Lady Liberty

Through a family connection (thanks mom), I had the opportunity to contribute to a large piece to be displayed in the Hilton Hotel at Penn’s Landing. The location of the piece within the hotel is less important (near the head), than the fantastic way that it turned out.  For a such a success, it’s surprising it started the way most fiascoes kick-off; with my mom asking, “Hi! Can I commission something from you?”  It might sound odd that such a question would elicit a negative response, but usually the request is something unusual, and somehow “working” for my mom immediately reminds me of being a teenager; it’s like hearing, “I need to talk to you,” as soon as you get home from school.  But it worked out, in large part due to her having the base art completed before my part began. Overthinking and over-planning are my two worst enemies.

She asked me to cut the Statue of Liberty, poor gal (she’s feelin’ it right now), based on a simple photograph. She had already laid out a black background with torn strips of red, white, and blue, so all I had to do was design Lady Liberty out of yellow (goldenrod?) Canson paper and cut to fit.

That was it! I sketched it up, drew it out, cut it out, laid it down.  No drama.  It looks fantastic.  If you look closely you’ll see something very unusual for my work – she is in three pieces.  It’s very rare for my cuttings not to be one piece, but in this case, I wanted to be able to re-position her as-needed to fit the tall and narrow frame.

Gryphon Cafe

For the month of July (until the first weekend in August) I have the pleasure of showing at the Gryphon Cafe with two other artists. Within a day of taking down this show, I will be bringing the pieces to the Athenaeum in Philadelphia to be scanned, at which point I’ll have some high quality photos to share.  For now, please enjoy some snapshots in my signature style: rushed, blurry, and crooked.

A few familiar favorites, an assortment of throwbacks, and some of my newest work. Stayed tuned for up-to-date pictures (mid August).

 

Fur Babies

I have two Instagram accounts: @brownpapercutter and @lovelylucybrown. One for my artwork because not having one isn’t an option, and one for my dog because I only have one foot in the millennial pool and I also have an irrational fear that the thousands of pictures I take of my dog, Lucy, will somehow disappear. On varying levels, some much more natural and reasonable, I assume this is how most pet owners feel about their fur babies, so I was very excited when the Gladwyne Animal Hospital accepted my proposal to hang pet portraits in their waiting and exam rooms. These pieces will be rotating as I produce new work, and will of course be available for sale – commissions welcomed and accepted!

The pet portraits below are not hanging in the animal hospital, but I couldn’t leave ’em out… cute ‘lil guys.

 

Oh, What a Difference a Frame Makes

Until my second show at Waverly  Heights, I had never realized that it is standard procedure for many artists to frame their work generically or inexpensively with the expectation that the buyer will reframe the work to suit their tastes.  I had never considered that option, so for me, framing began as a necessity. Furthermore, because the work inside the frame is so delicate the idea of a buyer or framer handling it is an upsetting notion. Through the years the necessity has stayed the same, but the process has become so essential to the work itself that I don’t consider a piece finished until it is backed, matted, framed, and the brown paper sealed on the back.  The framing process can often be the most difficult, but it can also certainly be the most rewarding as it’s all that stands between a stand-out piece and one that stays in flat file on show day.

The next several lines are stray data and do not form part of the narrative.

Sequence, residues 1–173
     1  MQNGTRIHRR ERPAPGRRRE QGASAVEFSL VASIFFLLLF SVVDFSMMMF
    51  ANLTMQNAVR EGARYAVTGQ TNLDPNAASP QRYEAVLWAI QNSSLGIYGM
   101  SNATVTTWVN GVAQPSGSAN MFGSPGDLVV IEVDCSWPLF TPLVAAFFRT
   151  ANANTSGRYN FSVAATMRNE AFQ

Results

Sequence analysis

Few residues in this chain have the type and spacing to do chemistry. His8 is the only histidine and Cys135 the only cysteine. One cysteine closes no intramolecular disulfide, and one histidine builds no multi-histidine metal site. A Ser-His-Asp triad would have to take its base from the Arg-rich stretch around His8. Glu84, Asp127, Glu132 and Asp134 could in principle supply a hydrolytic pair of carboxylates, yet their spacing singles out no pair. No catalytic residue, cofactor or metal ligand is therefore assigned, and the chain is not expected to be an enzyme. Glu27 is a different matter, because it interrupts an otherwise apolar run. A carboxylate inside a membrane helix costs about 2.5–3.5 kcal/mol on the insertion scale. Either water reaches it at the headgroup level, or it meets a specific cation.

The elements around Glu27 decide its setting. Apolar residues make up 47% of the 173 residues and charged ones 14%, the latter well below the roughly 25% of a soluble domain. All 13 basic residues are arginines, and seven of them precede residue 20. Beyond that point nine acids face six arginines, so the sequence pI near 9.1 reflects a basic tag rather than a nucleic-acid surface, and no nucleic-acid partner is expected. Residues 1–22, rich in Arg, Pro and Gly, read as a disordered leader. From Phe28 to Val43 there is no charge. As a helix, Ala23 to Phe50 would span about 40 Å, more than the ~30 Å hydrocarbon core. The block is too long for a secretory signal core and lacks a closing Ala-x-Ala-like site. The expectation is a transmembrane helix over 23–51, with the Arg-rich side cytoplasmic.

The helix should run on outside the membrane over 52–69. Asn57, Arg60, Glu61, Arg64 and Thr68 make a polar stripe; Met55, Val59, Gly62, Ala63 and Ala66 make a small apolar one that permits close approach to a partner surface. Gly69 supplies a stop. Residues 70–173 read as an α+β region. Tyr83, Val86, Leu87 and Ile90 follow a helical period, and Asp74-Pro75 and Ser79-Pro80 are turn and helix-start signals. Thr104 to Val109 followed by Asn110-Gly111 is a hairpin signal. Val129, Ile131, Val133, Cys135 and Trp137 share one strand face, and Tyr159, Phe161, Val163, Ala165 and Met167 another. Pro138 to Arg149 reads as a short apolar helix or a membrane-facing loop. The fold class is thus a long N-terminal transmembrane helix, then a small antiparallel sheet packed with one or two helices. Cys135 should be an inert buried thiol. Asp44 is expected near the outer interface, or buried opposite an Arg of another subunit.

I typically maintain that unless there is a flaw in the selection or finishing process, there is a lid for every pot when it comes to selling.  I’ve said before, and it’s true, I’m more concerned with achieving a positive reaction than a sale. If people seem to love a piece, but it appears in show after show, I’m rarely concerned.  I love to show the work, and if it takes years for the right person to see it; so be it.

There are some conditions under which I will reframe work, however.  For example:

If it is with me so long that my taste evolves…

 I find the original materials aren’t up to my current standards…

If I selected a frame simply to “get it on the wall,” but was not committed to it…

Something about the piece just bugs me…

My mom has worn me down (and stylistically, she’s usually right)…

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Glow (the mason jar below) is backed over a beautiful hand-made metallic paper. It has a strong shimmer and I felt it stood out more on simple backing surrounded by a simple, shabby-chic frame. Three shows later, my mom convinced me that contrary to it’s name, it looked dull, and that sometimes, “shabby-chic,” is just shabby. Glow was re-backed with a muted gold/silver patterned paper, hugged by a black mat to accentuate the lid detail, and finished off with an unusual vintage frame that is true to the name of the piece.
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Keepsake is a beautiful cutting that was unnamed and unceremoniously framed in an inexpensive black frame to “get it on the wall,” of a previous show. It’s very simple, but very lovely and because I’ve passed the point where I accept tchotchke frames, I reimagined it. So much like a bunch of vintage pressed flowers, a keepsake from a memorable moment, it is perfectly surrounded in a “locket” made from black-cored white mat with an oval opening. The gold frame gives it a classic quality.
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The Carousel was a re-frame trifecta. First of all, my mom disliked its original frame from day one. She thought it was of poor quality (I disagreed), and that it wasn’t big enough for the piece and therefore made it look cramped. I loved the frame, but as is typical of me, I hand painted the background without measuring the dimensions, hence the black top and and bottom where the paper wasn’t long enough. I convinced myself that I liked the unfinished look of the paper and moved right along. So, (1) my mom wore me down, and once I thought more about it I realized the frame, while strong, wasn’t up to my standards (2), and the size and layout just bugged me (3). We found a gorgeous molding from Merion Art & Repro, had it built, had a wide white mat cut to put the focus on the cutting, and voila: A delight for the eyes.

 

Forethought